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MANILA, Philippines – The government should “redouble” its protection for witnesses in the Maguindanao massacre case, a human rights group said Thursday, May 31, after another witness in the case was reportedly killed and mutilated.
The group Human Rights Watch released this statement after a witness in the 2009 Maguindanao massacre, who was reported missing two months ago, was reportedly killed. The witness, Esmail Amil Anog, was also chopped into pieces, according to private prosecutor Nena Santos.
“As the reported killing of witness Esmail Amil Enog underscores, these witnesses are in extreme danger and it is appalling that they are being hunted down one after the other,” said Human Rights Watch deputy Asia director Elaine Pearson.
Pearson noted that before Enog, another person who was willing to testify about the massacre – Suwaib Upham – was also murdered in June 2010. Upham’s killers have not been punished, she said.
“Witnesses won’t come forward if they and their families continue to be targeted. The government needs to act quickly to protect witnesses and their relatives, and to arrest and detain the remaining suspects,” Pearson said.
The report on his death came a day after Justice Secretary Leila de Lima defended her government’s human rights record before the United Nation’s Universal Periodic Review in Geneva.
Enog was admitted as state witness but declined to put himself under the government’s witness protection program because he did not want to be restricted to government safe houses.
Enog testified in July that he drove at least 36 armed men into the remote village of Malataing in Ampatuan, Maguindanao where 57 people, including 32 journalists and media workers, were gunned down on November 23, 2009.
The journalists and media workers were to cover the filing of the certificate of candidacy of now Maguindanao Gov Esmael “Toto” Mangudadatu.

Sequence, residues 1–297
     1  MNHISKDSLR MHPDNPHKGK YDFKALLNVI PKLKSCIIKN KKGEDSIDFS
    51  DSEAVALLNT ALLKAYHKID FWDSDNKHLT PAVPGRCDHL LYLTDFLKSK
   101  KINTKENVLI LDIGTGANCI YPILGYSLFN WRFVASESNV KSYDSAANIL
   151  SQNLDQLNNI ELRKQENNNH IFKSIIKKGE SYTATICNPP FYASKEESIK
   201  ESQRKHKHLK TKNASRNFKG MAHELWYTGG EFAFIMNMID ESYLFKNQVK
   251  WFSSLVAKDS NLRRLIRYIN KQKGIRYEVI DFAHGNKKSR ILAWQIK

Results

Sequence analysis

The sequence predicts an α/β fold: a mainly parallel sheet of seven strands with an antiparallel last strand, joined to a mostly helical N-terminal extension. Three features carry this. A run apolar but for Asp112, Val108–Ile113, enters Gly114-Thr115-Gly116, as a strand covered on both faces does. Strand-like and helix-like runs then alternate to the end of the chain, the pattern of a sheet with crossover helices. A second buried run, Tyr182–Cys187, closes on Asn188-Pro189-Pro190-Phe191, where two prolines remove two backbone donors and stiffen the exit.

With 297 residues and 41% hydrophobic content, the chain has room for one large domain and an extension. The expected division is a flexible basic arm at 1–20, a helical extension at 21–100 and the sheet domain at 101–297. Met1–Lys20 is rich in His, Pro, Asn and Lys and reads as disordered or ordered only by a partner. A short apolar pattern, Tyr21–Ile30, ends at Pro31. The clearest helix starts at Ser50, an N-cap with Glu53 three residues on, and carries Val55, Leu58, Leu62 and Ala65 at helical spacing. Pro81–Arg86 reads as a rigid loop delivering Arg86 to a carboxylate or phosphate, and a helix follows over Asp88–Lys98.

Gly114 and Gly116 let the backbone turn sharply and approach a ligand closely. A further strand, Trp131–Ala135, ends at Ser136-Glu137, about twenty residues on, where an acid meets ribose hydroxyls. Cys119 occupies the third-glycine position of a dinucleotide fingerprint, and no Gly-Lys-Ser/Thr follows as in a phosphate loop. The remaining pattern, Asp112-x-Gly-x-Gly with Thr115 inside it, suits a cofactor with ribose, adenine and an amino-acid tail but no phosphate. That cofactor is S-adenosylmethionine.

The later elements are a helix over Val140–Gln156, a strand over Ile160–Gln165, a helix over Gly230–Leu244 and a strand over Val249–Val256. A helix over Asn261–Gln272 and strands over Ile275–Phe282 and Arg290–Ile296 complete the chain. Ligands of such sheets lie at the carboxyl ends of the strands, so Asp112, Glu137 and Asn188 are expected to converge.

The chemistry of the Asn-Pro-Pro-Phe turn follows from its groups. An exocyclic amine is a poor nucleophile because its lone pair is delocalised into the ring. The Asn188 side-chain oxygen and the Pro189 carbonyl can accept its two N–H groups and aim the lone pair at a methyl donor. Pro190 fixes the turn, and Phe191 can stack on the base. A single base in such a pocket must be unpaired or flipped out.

Another possible witness who was mentioned by Enog during his testimony, Alijol Ampatuan, is also reported missing.
Enog was the latest witness in the Ampatuan murder case to be killed since trial began last year.
In July 2010, Suwaib Upham, who confessed to participation in the brutal killings, was reported to have been killed by unknown assassins. Upham was reportedly poised to turn state witness.
Relatives of other witnesses have also been killed in separate instances and under mysterious circumstances. Another suspect who turned state witness reportedly jumped to his death inside the heavily secured police detention center in Bicutan, Metro Manila.
A total of 196 people, majority of them paramilitary forces of the Ampatuan family, are now facing murder charges.
Only 97, however, have been arrested and only 17 have so far been arraigned.
The suspects are led by Andal Ampatuan Sr and sons Anwar Jr, Zaldy, Sajid, and brother Kanor Ampatuan.
Among those killed were 6 members of the Mangudadatu family, their two lawyers, and several other relatives.
Genalyn Mangudadatu headed the convoy that was on its way to file the certificate of candidacy of her husband Toto Mangudadatu. She and members of the convoy, including some innocent motorists, did not reach the provincial capitol.
Andal Sr was former governor of Maguindanao and eldest son Zaldy was governor of the Autonomous Region in Muslim Mindanao at the time of the killings.
Anwar Jr, who was tagged by witnesses as the one who flagged down the convoy in Ampatuan town, is the mayor of Datu Unsay town.
He would have run for governor and faced Toto Mangudadatu.
International outcry over the worst election-related violence led to the declaration of martial law in the province. The killings were also the worst single-day murders of journalists and media workers in the world.
The Ampatuans were arrested in the ensuing crackdown but only Anwar Sr and Anwar Jr have been arraigned more than 30 months after the murders. – Rappler.com